Conflicts and Confusion over Gladue

Before and during my placement as a Gladue Writer with the Department of Justice and Correctional Services of the Cree Nation Government, I had the opportunity to complete Gladue training and speak with many people who write Gladue reports. What became clear to me was that there is still little consensus surrounding Gladue reports.

For example, Gladue information may be presented to a court in various forms. In Quebec, Gladue reports are standalone documents that may exceed 10,000 words and are prepared by specialist “Gladue writers” who spent many hours conducting interviews and historical research. In contrast, in the Northwest Territories, as an example, Gladue reports are not even written. Instead, regular pre-sentencing reports that are written by probation officers—whose primary concern is risk assessment—contain a brief “Gladue paragraph” that is supposed to discuss an offender’s life history and community information.

Likewise, while there is a consensus that Gladue factors are to be considered at sentencing, uncertainty surrounds whether these principals apply at other occasions when aboriginal offenders are faced with the deprivation of their liberty. For instance, in Ontario, courts have held that Gladue principals apply at bail hearings, while a more recent decision from Nunavut has held that Gladue does not apply at such hearings.[3]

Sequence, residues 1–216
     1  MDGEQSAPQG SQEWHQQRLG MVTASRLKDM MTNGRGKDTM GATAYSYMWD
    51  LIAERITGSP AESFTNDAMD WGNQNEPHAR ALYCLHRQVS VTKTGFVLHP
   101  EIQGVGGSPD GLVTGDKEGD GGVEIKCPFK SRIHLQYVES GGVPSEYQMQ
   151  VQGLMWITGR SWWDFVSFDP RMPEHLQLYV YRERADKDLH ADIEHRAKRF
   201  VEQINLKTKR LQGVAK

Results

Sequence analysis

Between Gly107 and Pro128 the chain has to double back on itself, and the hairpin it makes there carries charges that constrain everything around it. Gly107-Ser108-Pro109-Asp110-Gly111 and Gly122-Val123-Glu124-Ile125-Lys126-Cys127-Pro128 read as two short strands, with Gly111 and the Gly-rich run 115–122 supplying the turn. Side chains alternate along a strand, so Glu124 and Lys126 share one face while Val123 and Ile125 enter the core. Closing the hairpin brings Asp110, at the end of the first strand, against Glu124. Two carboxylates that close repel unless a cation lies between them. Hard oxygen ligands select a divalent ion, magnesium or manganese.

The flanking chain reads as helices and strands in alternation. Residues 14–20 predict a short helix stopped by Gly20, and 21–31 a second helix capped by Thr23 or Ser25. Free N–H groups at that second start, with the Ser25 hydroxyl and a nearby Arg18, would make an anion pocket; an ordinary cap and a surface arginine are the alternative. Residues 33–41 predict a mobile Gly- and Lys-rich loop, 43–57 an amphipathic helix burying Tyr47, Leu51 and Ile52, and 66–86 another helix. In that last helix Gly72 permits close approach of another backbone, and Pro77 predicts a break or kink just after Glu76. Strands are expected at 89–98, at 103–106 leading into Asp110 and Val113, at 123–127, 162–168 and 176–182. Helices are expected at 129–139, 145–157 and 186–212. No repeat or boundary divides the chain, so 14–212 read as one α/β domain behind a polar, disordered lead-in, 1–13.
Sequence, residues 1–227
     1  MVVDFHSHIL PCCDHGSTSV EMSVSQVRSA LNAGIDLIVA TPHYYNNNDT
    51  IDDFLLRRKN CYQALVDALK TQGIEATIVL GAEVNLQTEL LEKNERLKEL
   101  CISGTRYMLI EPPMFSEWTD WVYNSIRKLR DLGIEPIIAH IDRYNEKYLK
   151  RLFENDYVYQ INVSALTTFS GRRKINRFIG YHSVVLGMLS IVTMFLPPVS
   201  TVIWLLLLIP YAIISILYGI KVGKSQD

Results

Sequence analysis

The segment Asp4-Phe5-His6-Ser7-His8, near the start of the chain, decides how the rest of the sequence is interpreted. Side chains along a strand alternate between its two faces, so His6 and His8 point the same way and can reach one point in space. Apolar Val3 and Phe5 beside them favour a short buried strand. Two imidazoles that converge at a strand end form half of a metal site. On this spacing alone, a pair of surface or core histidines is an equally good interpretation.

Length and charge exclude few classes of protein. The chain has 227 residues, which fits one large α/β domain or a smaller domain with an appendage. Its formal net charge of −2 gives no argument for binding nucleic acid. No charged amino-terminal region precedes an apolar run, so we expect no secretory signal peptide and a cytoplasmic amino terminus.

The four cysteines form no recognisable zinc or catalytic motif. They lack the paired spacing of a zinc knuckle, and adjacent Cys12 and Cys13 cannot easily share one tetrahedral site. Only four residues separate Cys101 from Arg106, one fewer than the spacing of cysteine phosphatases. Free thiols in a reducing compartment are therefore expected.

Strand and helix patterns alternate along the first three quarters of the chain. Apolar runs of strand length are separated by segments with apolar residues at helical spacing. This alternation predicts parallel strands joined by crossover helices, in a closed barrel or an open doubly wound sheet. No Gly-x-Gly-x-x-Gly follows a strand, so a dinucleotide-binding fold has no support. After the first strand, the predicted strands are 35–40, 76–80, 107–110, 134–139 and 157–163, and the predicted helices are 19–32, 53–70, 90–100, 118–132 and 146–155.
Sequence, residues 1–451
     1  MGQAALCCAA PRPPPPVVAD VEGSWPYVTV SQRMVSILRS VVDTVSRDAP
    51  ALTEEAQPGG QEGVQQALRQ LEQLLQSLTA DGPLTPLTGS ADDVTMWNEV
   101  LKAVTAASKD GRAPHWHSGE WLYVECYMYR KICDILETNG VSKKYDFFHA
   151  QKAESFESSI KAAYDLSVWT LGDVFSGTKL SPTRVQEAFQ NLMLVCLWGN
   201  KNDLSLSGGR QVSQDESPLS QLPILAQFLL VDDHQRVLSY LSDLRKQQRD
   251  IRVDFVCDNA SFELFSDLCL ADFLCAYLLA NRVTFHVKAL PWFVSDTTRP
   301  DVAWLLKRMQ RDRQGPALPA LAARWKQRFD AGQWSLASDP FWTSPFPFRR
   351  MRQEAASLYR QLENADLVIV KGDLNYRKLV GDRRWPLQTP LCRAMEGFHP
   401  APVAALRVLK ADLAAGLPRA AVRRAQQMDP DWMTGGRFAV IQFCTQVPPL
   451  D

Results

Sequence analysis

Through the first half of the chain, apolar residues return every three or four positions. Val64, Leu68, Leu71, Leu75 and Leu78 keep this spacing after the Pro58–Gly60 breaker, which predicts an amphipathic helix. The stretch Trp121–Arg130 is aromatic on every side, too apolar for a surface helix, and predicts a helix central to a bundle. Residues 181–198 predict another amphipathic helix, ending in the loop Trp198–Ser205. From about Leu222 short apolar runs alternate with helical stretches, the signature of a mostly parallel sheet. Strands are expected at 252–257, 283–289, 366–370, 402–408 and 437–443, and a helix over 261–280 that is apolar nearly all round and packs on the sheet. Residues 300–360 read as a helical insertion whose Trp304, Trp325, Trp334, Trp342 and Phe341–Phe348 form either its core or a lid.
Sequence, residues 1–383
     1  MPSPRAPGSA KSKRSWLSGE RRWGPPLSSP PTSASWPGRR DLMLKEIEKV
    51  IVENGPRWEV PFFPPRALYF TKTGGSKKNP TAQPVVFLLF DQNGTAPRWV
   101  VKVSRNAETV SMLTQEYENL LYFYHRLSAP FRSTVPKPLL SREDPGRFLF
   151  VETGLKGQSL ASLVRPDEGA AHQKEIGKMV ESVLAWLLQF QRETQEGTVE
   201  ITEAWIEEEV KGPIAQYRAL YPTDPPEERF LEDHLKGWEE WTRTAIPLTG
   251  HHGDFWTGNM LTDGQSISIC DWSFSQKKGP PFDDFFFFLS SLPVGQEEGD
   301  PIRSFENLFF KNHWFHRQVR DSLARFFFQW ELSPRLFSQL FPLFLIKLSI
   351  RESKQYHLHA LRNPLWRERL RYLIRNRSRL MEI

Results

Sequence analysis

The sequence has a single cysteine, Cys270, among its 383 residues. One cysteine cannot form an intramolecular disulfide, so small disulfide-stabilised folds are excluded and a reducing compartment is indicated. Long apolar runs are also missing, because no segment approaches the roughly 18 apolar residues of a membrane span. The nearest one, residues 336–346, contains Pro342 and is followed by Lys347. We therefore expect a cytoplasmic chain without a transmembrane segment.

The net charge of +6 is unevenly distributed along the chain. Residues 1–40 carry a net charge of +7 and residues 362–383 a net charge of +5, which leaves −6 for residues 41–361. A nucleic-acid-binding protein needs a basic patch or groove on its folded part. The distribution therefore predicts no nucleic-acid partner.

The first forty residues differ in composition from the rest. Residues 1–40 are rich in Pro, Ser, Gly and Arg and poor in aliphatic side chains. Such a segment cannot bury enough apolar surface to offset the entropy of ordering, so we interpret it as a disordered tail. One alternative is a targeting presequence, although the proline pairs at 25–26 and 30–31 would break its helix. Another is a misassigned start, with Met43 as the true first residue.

Finally, there is much divergence between writers themselves. For example, while some Gladue writers see themselves as “neutral” or at least impartial and disinterested parties who merely compile information for the courts, others understand themselves as working on behalf of the offender to “help” them. Likewise, among writers there are many disputes concerning how Gladue reports should be compiled and by whom. Some writers, for instance, insist upon the use of recording devices to better convey the offender’s story to a court, while others believe that the use of recorders creates a barrier that will prevent the offender from speaking openly. Likewise, while some give offenders the chance to review their reports before they are sent off, others insist that this is counter-productive and may not feasible given tight deadlines. Finally, some suggest that the perspective of victims should, when possible, be included in the report while others suggest that sentencing is entirely about the offender and victims can bring their own information to the Court through a victim impact statement.